Jimmy Buffett may praise lazy people, but the “Margaritaville” singer is actually a shrewd, ambitious, and energetic businessman.
Jimmy Buffett glorified lazy people before the word existed, even though he was not one of those people himself.
“Wastin’ Away Again in Margaritaville,” is the chorus of his most famous song, which has become an international hit. But Buffett is actually a sharp, ambitious, and energetic businessman.
A statement is posted Buffett’s Official Website and social media sites announced his death on Friday at the age of 76. The statement did not say where Buffett died or give a cause. He rescheduled concerts in May and admitted he was hospitalized for an unspecified illness.
Buffett built an empire largely based on Caribbean-flavored pop music that celebrates the Florida Keys, sunshine, and nightlife. His name is synonymous with the laid-back subtropical party atmosphere and his fans are known as the Parrotheads.
But behind his laid-back exterior, Buffett is admittedly a workaholic. He expanded into novels, nightclubs and many other businesses. At one point, his estimated annual income was over $40 million, and his source of revenue far outstripped the typical business model of a musician of selling albums, concert tickets, and souvenir t-shirts. .
He comes in at number 18 on Forbes’ Richest Celebrities of All Time list with a net worth of $1 billion.
The titles of Buffett’s most famous songs appear on restaurants, clothing, alcohol, and casinos. He is involved in products such as Landshark Lager, the Margaritaville and Cheeseburger in Paradise restaurant chains, boats, salsa, hummus, tortillas, dipping sauces, tequila and blenders. The Margaritaville Cafe on the Las Vegas Strip is arguably the highest-grossing restaurant in the nation.
Buffett is the chairman of Margaritaville Holdings based in Palm Beach, Florida. He has a restaurant and casino in Vegas, a casino in Mississippi and a hotel in Pensacola Beach, Florida, but the exact extent of his empire is a secret. Margaritaville Holdings LLC does not disclose his financial situation and he often declines interview requests.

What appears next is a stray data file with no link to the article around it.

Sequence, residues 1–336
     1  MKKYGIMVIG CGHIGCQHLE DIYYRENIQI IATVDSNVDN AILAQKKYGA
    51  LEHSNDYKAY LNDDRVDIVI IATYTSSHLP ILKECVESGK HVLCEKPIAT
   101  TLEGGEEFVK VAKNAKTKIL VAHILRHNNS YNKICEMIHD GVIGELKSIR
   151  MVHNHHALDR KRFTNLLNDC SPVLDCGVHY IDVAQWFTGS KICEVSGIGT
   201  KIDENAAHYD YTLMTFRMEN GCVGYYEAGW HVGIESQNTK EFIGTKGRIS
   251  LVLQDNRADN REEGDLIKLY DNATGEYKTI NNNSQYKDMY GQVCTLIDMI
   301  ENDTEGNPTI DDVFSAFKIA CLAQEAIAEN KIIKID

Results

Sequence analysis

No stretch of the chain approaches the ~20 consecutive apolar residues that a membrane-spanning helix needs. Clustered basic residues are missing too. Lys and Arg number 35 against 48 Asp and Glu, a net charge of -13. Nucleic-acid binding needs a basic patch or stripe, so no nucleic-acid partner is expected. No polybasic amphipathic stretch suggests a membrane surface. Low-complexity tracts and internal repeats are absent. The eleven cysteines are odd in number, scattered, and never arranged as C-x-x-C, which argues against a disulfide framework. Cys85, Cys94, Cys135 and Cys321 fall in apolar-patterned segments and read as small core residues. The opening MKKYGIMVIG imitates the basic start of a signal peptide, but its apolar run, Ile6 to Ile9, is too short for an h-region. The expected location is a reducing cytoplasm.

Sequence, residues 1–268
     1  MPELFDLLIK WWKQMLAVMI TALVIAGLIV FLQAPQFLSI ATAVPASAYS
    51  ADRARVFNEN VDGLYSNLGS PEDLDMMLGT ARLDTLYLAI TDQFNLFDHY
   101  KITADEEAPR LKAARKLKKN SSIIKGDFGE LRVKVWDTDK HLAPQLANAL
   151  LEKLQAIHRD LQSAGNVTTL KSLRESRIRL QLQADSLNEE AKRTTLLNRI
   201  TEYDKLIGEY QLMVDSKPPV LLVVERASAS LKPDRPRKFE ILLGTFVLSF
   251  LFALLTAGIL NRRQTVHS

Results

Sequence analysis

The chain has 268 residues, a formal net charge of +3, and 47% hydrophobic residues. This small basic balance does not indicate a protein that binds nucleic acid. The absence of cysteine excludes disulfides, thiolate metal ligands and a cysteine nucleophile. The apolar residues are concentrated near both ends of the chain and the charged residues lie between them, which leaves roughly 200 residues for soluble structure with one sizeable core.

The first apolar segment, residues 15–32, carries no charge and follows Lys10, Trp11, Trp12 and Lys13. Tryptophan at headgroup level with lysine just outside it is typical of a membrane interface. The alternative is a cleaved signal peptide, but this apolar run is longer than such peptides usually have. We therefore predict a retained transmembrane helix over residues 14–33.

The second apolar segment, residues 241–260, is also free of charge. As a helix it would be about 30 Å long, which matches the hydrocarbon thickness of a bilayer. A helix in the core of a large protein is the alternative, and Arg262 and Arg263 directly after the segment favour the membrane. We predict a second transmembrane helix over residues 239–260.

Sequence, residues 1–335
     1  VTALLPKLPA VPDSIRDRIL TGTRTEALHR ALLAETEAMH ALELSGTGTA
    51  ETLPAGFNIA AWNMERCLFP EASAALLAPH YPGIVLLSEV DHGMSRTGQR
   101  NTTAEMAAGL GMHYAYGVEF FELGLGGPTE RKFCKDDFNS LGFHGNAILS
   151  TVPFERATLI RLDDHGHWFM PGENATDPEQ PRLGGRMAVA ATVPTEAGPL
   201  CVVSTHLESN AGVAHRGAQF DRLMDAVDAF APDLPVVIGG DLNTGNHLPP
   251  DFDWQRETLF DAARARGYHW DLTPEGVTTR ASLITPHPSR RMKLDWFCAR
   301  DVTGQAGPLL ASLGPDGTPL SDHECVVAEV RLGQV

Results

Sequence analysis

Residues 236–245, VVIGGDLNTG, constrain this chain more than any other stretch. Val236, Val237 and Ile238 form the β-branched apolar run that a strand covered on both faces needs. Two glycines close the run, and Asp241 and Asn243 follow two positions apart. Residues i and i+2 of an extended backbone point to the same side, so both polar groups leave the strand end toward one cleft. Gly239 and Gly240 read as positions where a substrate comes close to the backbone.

Along with hit songs, Buffett also wrote best-selling novels. In 2008, he was ranked 97th on Vanity Fair’s list of the 100 most influential people in the world and his fan base is large and loyal. Even when he’s in his 60s, his concert tickets still cost more than $100.
“I won’t apologize for being a good businessman,” Buffett told The Washington Post in 1998. “Too many people in the music world have ruined their lives simply because they didn’t. I’m not a good singer, and I’m just a mediocre guitar player. I started running the band many years ago because no one else could, and it turns out I’m very good at it. There have never been any grand plans for this. I’m thinking of it as I keep going. … Just trying to run the system while maintaining my chaotic 60s soul.”
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Buffett may be more intense than his songs and stage personality suggest. He was injured in 2011 when he fell face down on stage while performing in Australia and was hit in the head causing him to lose consciousness. He was discharged the next day.
An avid Miami Heat basketball fan, Buffett caused friction at a game in 2001 when he cursed at referee Joe Forte from his side seat. Forte kicked him out. The Heat moved Buffett and his son to another area.
When Heat coach at the time Pat Riley asked Forte if he knew the man he had kicked off the field, Forte did not recognize the name. He asked Forte if he had ever been a Parrot Head. “He thought I was insulting him. He wanted to give me the technique,” Riley said.
Buffett was born on Christmas Day 1946 in Pascagoula, Mississippi. He once said that he arrived in the Keys in a 1946 Packard around 1970. He found his musical niche during that decade with vibrant, island-based party tunes. The tune is taken from a popular 1973 song, “Why Aren’t We Drunk?”
He became a pop star in 1977, when “Margaritaville” entered the Top 10. The song has been the soundtrack to countless happy hours in the decades since.
Buffett’s 1992 collection titled “Boats, Beaches, Bars, and Ballads” became one of the best-selling box sets ever and season concert tours. His annual summer with the Coral Reefer Band became major events, attracting thousands of Hawaiian shirt-clad Parrots. , wreaths, fun hats and other calming party accessories. Some people will follow Buffet’s tour from city to city.
“We were a social network before there was a social network on the Internet,” Buffett told the Dallas Morning News in 2012. “They have something in common; They shared everything. They started getting dressed because they were listening to music. It is a common bond.”
Early business success eclipsed record sales. According to Buffett’s website, the first Margaritaville opened in Key West, Florida, in 1987. The chain has grown to 16 stores, and Harrah’s Entertainment, Inc., partnered with Buffett to develop the Casino & Resort The $700 million Margaritaville in nearby Biloxi, Mississippi. where he grew up.
Despite his commercial achievements, Buffett’s legacy will, in his words, be “to help people forget their troubles for a few hours.”
The singer told the Baltimore Sun in 1999 that his optimistic outlook on life led fans to find humor and escapism in his work. And that’s okay, because there’s already enough serious material in the world.
“I am the soul of the party,” said Buffett.
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